Conflicts of interest None declared.
Gene expression profiling analysis of solar lentigo in relation to immunohistochemical characteristics
Version of Record online: 5 APR 2007
© 2007 The Authors. Journal Compilation © 2007 British Association of Dermatologists
British Journal of Dermatology
Volume 156, Issue 6, pages 1214–1223, June 2007
How to Cite
Aoki, H., Moro, O., Tagami, H. and Kishimoto, J. (2007), Gene expression profiling analysis of solar lentigo in relation to immunohistochemical characteristics. British Journal of Dermatology, 156: 1214–1223. doi: 10.1111/j.1365-2133.2007.07830.x
- Issue online: 5 APR 2007
- Version of Record online: 5 APR 2007
- Accepted for publication 14 November 2006
- senile lentigo;
- solar lentigo
Summary Background Solar lentigo appears as dark brown spots that occur on sun-exposed areas and is considered to be a hallmark of aged skin. Although considerable knowledge about acute pigmentation has recently been accumulated, little is yet known about the mechanisms underlying chronic- and delayed-type hyperpigmentation, such as solar lentigo.
Objectives To clarify further the mechanisms underlying the development of solar lentigo, we carried out gene expression analysis in skin biopsy specimens obtained from human solar lentigines using DNA microarray analysis.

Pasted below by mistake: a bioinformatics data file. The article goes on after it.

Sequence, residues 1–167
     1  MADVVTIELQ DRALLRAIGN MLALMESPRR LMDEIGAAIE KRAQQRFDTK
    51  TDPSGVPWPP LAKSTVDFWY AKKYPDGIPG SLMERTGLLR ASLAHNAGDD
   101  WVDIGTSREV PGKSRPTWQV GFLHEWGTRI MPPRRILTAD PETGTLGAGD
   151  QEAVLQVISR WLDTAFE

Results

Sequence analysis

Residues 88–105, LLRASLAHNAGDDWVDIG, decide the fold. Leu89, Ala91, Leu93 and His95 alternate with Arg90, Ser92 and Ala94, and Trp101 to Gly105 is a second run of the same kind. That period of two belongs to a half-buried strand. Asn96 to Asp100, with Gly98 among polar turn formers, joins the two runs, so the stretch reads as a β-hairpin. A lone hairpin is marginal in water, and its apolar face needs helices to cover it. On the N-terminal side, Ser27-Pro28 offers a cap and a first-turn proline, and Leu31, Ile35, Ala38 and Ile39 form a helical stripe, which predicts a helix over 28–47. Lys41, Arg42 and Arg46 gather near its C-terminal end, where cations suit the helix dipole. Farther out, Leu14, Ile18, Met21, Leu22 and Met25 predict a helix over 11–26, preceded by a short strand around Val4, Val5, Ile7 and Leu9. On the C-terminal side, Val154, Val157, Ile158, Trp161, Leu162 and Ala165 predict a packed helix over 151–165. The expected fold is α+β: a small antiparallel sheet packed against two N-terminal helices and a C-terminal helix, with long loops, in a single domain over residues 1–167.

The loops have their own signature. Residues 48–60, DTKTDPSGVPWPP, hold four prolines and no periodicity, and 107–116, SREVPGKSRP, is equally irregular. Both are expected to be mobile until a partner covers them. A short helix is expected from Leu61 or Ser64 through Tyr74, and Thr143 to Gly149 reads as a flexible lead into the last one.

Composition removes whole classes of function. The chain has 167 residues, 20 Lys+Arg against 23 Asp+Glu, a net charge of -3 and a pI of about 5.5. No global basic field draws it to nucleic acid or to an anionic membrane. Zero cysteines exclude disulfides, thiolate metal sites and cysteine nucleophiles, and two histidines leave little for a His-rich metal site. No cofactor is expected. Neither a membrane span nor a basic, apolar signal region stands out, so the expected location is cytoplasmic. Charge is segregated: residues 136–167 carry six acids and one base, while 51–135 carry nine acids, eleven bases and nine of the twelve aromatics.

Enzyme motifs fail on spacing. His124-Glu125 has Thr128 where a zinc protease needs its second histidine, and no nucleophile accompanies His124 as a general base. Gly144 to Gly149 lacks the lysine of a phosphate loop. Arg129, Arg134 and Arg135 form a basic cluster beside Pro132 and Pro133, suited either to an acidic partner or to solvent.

Methods Two pairs of skin specimens were obtained from solar lentigo and adjacent sun-exposed normal skin, as well as normal skin on the buttocks of 16 volunteers aged 40–55 years. One set of specimens was frozen and RNA was extracted for microarray and the other set was prepared for histological sections and analysed by antibodies and probes.
Results Sixty-five genes were upregulated more than 1·8-fold in solar lentigo compared with adjacent control skin and seven melanocyte-related genes were included. Compared with sun-protected skin, many inflammation-related genes were upregulated in solar lentigo, and compared with sun-exposed control skin, upregulation of genes related to fatty-acid metabolism was apparent in solar lentigo. Moreover, we found downregulation of cornified envelope-related genes, which suggests suppression of cornification in the epidermis in solar lentigo. Immunohistochemically, larger numbers of TRP1-positive cells were found in the basal layer of solar lentigo than in normal skin. Fatty acid-related genes were highly expressed in the epidermis as detected by in situ hybridization, and they were much more prominent in the lesional skin of solar lentigo. However, cycling epidermal cells detectable with Ki67 antibody were fewer in the lesional skin of solar lentigo. Expression of filaggrin and involucrin was decreased in the lesional skin, where the number of cell layers of the stratum corneum was significantly higher than in normal skin.
Conclusions The results of the present microarray analysis of solar lentigo, demonstrating upregulation of genes related to inflammation, fatty-acid metabolism and melanocytes and downregulation of cornified envelope-related genes, suggest that solar lentigo is induced by the mutagenic effect of repeated ultraviolet light exposures in the past, leading to the characteristic enhancement of melanin production, together with decreased proliferation and differentiation of lesional keratinocytes on the background of chronic inflammation.